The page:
Note: The git pull command does a  git fetch and git merge. Therefore seeing as though we had already done a git fetch, both the git pull and git merge commands would have resulted in the same outcome.

Excellent, our merge was successful! Let’s now check the git status output:

OK so now we’re two commits ahead of origin/master. This is makes sense because the first commit would be the change we made on master (remember the echo 'this is a new file' > new_file.txt command?), and the second change is one one we did in Step 1 being merged in.

Let’s now push our local master branch to the remote origin/master branch:

Finally, let’s do a git status to ensure that our local and remote branches are in sync:

Final Notes

I want to finish off this post with some final notes which might not have been abundantly clear to newcomers:

  • The git fetch, git merge and git pull are all done locally on our machine. To put it another way, the merging of the master and origin/master branches are done on our machine. Only when we do a git push are our changes published to the remote repo where others can see them. Therefore there’s no need to panic if you make a mistake with your fetching, merging and/or pulling, so long as you don’t then do a push.
  • In this post we merged one remote commit into our one local commit. This resulted in us having to push two commits to the remote repo. What you might not know though is that even if there were three remote commits and one local commit, we would still only push two commits to the remote repo – the first one being our local commit, and the second being all of the other commits wrapped up into a single commit. Let’s run through a quick example now…

Let’s make three commits on our remote repo (again using the GitLab GUI). Let’s call them file7.txt, file8.txt and file9.txt. Let’s also create a file locally on our machine called file10.txt.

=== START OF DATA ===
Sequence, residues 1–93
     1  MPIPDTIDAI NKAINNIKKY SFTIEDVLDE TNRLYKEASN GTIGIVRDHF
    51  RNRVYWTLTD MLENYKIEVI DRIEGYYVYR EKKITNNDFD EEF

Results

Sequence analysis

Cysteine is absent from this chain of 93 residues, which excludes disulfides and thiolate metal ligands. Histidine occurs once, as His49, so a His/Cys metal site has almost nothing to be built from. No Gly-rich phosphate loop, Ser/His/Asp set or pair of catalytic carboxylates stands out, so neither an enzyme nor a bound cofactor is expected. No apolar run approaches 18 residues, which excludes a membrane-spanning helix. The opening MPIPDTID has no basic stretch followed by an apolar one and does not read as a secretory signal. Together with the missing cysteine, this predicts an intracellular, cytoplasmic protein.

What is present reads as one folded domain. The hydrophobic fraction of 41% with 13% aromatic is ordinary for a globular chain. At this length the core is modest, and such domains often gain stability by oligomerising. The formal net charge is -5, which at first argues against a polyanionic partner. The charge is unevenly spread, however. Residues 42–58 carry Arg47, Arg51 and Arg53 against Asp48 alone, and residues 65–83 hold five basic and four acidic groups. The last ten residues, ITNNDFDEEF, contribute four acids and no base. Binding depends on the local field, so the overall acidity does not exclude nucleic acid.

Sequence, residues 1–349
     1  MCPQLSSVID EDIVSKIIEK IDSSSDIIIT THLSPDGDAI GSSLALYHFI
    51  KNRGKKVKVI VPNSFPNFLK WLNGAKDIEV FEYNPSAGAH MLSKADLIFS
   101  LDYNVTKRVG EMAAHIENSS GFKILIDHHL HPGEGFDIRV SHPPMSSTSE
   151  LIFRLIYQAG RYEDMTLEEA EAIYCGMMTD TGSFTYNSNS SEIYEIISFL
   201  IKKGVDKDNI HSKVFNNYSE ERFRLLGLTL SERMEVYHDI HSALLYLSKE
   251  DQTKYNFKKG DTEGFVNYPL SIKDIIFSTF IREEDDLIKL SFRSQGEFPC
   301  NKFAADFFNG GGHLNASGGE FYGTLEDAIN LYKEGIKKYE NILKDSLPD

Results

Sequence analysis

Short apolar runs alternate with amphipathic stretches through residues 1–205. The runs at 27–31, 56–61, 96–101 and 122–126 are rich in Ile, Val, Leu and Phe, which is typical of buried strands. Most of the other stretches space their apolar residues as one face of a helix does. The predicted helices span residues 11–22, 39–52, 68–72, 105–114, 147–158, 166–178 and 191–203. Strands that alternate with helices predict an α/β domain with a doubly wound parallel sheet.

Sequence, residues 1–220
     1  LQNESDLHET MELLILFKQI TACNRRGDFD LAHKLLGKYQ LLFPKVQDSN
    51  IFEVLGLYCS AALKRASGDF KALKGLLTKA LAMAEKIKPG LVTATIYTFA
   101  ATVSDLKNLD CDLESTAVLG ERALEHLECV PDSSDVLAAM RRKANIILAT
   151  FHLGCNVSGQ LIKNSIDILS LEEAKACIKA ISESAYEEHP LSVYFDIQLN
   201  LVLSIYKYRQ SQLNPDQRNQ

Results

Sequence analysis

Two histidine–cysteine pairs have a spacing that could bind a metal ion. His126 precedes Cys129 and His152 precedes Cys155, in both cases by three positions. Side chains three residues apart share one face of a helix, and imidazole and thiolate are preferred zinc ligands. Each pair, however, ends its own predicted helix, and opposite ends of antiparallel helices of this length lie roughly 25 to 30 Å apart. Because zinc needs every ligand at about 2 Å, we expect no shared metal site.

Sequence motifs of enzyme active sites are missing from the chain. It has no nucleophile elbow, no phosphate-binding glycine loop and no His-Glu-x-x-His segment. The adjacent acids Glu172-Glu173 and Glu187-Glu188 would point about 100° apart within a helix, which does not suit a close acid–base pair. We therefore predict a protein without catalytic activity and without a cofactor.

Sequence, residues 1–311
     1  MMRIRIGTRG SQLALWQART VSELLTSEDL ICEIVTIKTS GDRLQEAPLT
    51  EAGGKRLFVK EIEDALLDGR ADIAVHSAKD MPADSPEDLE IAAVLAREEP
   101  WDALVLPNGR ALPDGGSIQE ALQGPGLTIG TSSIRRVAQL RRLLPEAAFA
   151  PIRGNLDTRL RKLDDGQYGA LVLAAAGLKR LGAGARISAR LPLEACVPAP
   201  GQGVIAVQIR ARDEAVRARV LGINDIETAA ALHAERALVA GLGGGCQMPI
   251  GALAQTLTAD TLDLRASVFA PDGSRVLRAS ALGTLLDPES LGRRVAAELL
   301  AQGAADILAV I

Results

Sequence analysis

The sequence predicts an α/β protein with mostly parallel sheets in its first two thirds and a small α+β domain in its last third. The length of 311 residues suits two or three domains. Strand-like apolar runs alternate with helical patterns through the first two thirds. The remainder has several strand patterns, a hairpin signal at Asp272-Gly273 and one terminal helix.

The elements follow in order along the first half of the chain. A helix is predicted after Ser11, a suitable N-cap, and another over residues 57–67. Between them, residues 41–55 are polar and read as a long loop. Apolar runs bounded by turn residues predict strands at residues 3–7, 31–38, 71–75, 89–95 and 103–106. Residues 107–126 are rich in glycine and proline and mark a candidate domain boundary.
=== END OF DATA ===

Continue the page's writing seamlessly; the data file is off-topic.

Because we used the GitLab GUI to create the three remote files, they were each committed separately. This therefore resulted in three commits being made. Let’s now commit our file10.txt locally:

OK great, we can see that we’re one commit ahead of origin/master. Let’s now fetch the latest commits so that we can update our copy of origin/master and see the real difference in commits:

Now we’ve got the full story. We’ve made one change locally, but there have been three changes made remotely. To clean this situation up, we can use a git pull or git merge as discussed previously. Let’s do a git pull this time around:

And there we have it. Although there were a total of four commits originally, we end up with only two. This is known as a merge commit. For information on Recursive merges as well as Rebasing, please see the Git: Merging & Rebasing basics post.

Knowledge Base

See the Git section of my Knowledge Base for more information.

As always, if you have any questions or have a topic that you would like me to discuss, please feel free to post a comment at the bottom of this blog entry, e-mail at, or drop me a message on Twitter (@OzNetNerd).

Note: This website is my personal blog. The opinions expressed in this blog are my own and not those of my employer.